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There may be new hope for patients with aortic dissection in the form of "patchwork therapy." Researchers from four medical centers recommended the innovative treatment in two articles in a recent issue of the New England Journal of Medicine. Each cardiologist used a catheter to thread a mesh tube-type stent to the torn wall of the aorta where it covers the damaged area and keeps the artery open, preventing rupture.
The four studies are "promising," accord- ing to Valentin Fuster, MD, president of the American Heart Association and director of the Cardiovascular Institute at Mount Sinai Medical Center in New York City, but "the technique must be tested in additional, carefully controlled studies of larger population groups before it can become a recommended treatment for some types of aortic dissection."
Investigators at Stanford (CA) University School of Medicine and Mie University School of Medicine in Japan treated patients with acute, rapidly worsening dissections in which the death rate is typically high despite immediate surgery.1,2 Three of their 19 stent patients died, a much lower death rate than usual in such cases. Other researchers from hospitals in Germany and Italy treated 24 patients with slower moving aortic dissections that generally can be treated by surgery or drugs. Half had surgery and the other 12 were given the patchwork stents. Four of the patients who had surgery died, while there were no deaths in the stent group.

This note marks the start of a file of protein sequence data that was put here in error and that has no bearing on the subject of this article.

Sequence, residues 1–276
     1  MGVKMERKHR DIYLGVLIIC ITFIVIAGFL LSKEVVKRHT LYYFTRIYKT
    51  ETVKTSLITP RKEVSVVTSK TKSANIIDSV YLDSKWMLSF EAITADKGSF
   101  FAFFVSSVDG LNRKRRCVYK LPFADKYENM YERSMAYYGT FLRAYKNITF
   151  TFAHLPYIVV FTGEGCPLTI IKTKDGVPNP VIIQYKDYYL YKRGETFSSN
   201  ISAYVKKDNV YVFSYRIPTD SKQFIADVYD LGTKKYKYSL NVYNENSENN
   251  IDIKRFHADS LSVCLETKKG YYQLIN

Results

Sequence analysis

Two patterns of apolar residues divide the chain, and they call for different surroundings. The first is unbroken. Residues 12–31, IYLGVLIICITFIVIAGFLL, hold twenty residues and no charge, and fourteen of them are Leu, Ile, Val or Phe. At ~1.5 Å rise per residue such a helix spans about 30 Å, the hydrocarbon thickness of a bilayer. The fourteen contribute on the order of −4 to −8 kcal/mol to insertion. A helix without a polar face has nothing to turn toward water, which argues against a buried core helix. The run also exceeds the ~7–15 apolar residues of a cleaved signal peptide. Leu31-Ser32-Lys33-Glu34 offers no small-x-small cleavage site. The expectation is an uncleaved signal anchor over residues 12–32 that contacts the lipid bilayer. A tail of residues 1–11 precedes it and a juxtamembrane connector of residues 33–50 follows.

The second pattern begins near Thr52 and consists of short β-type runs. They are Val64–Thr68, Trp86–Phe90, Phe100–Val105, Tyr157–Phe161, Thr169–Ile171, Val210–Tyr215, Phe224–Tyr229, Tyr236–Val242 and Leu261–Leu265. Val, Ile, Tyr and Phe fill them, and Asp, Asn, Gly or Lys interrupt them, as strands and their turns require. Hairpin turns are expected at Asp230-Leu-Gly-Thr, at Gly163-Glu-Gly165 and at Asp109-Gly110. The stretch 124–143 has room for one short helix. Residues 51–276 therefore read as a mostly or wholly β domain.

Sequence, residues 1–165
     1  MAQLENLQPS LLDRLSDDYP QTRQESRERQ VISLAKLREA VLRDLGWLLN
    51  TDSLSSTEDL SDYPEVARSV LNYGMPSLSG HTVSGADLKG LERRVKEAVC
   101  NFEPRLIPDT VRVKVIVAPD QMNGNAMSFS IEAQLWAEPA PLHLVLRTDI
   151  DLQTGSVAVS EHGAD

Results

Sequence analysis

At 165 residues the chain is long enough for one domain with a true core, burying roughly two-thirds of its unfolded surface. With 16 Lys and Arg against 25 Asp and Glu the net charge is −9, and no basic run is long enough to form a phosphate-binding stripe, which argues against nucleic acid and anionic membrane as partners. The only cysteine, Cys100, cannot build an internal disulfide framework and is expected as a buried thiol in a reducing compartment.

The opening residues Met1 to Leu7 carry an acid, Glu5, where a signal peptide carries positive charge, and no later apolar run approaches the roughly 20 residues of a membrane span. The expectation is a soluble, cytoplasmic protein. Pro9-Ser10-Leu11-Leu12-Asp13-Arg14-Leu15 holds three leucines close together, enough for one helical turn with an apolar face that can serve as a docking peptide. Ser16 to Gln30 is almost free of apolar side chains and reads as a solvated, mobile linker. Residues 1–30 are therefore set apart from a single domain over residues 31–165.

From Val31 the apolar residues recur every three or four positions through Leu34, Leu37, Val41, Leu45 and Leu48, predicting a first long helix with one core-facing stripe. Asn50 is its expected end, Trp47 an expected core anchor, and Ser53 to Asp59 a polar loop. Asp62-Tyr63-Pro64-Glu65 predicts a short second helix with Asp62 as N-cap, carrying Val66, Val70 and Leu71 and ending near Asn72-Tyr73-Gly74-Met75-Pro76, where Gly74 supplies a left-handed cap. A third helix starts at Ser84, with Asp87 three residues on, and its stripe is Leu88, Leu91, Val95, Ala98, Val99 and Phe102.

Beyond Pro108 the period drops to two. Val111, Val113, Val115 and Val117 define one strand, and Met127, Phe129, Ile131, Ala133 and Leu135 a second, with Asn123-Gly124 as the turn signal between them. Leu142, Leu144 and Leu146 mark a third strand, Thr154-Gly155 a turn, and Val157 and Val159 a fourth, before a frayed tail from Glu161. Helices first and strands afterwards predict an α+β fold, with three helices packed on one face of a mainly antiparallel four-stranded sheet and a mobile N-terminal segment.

The major symptom of aortic dissection is abrupt, severe chest pain. Research into its causes has linked the condition to high blood pressure, but more than that has not been determined.
1. Dake MD, Kato N, Mitchell RS, et al. Endovascular stent-graft placement for the treatment of acute aortic dissection. N Engl J Med 1999; 340:1,546-1,552.
2. Nienaber CA, Fattori R, Lund G, et al. Nonsurgical reconstruction of thoracic aortic dissection by stent-graft placement. N Engl J Med 1999; 340:1,539-1,545.